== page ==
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Heavy metal cleanup goes off target

Empty shells from the Ostermundigen firing range

Switzerland is earmarking nearly a billion francs to clean up soil contaminated by heavy metals leached from spent bullets.

For a country that has not been to war in its modern history, it comes as a surprise at first to learn that the ground is pumped full of lead – up to 40,000 tons of it.

Manuel Schiffmann takes a baseball-size clump of heavy metal from a large bin. The expert for brownfield site cleanups says it is pure lead, extracted from the earth directly behind a small arms firing range target.

Schiffmann’s company, Marti AG, is hard at work removing, layer by layer, the contaminated soil on the grounds of a former range in Ostermundigen, just outside Bern.

It’s estimated that alone at this 170,000 m² site – which was one of Switzerland’s largest when it was in operation – around 270 tons of lead was fired into the earth in and around the targets, as well as into the forest on the hill high above. A large swathe of trees was cleared to get at it.

“I don’t know why they weren’t better shots,” Schiffmann says, with a hint of gallows humour.

According to the Federal Environment Office, these facilities nationwide are responsible for putting twice as much lead into the environment as the combined output from traffic, industry and business. And unlike the situation in many other nations, most Swiss ranges are or were located in densely populated areas.

Bullet butts

Discussions began in the 1970s on the introduction of new systems of “butts” or “backstops” to prevent the bullets from entering the ground. But it has only been in the last few years that communities and cantons have been under pressure to bite the bullet and take action.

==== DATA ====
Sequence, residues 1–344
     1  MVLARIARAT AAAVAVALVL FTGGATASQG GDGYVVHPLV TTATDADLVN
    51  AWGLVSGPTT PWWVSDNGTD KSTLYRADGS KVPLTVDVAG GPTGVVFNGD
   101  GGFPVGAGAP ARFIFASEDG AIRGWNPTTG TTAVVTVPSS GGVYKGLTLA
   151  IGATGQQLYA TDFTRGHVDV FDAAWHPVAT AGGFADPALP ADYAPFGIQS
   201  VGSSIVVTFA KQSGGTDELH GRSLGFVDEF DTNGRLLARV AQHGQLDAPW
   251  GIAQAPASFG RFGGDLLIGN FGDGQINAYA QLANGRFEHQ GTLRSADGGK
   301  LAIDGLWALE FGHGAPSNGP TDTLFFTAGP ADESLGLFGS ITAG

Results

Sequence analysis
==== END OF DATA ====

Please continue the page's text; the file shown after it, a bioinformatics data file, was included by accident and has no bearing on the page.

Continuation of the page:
The federal government has promised to cover 40 per cent of the costs of extracting the heavy metals from the soil around the targets. This is mostly lead and antimony – the latter a water-soluble metal that poses a great threat to ground water.

To be eligible for the funds, the local authorities were meant to either put the firing ranges out of service or install environmentally friendly backstops by November 2008.

The clean-up has been estimated at SFr600 million ($584 million) for the 4,000 targets that are no longer in use, and SFr300 million for the 2,000 still in operation.

Moving target

However, parliament approved a motion last year to postpone the deadline to 2012 for the sites where there is a danger the heavy metals may have leached into the groundwater – amounting to ten to 20 per cent of targets – and 2020 for all others.

One of the most vociferous critics of the decision to delay the move is Josef Lang, a Green parliamentarian and high-profile member of the Group for Switzerland without an Army (GsoA).

Lang says that Swiss politicians have always been quick to defend the Swiss militia army system, which requires each man on active duty or in the reserves to do target practice.

Fatherland destroyed

“They are seen as defenders of the fatherland, but as we now realise, they are a threat to the fatherland because they are destroying the land of our fathers,” Lang told

At present, nearly 200,000 men sling their army-issue rifles over their shoulders at least once a year and head out to their local firing ranges.

In the Swiss army’s heyday in the 1980s, there were 700,000 soldiers – an impressive figure in a country of only 6.5 million people at the time.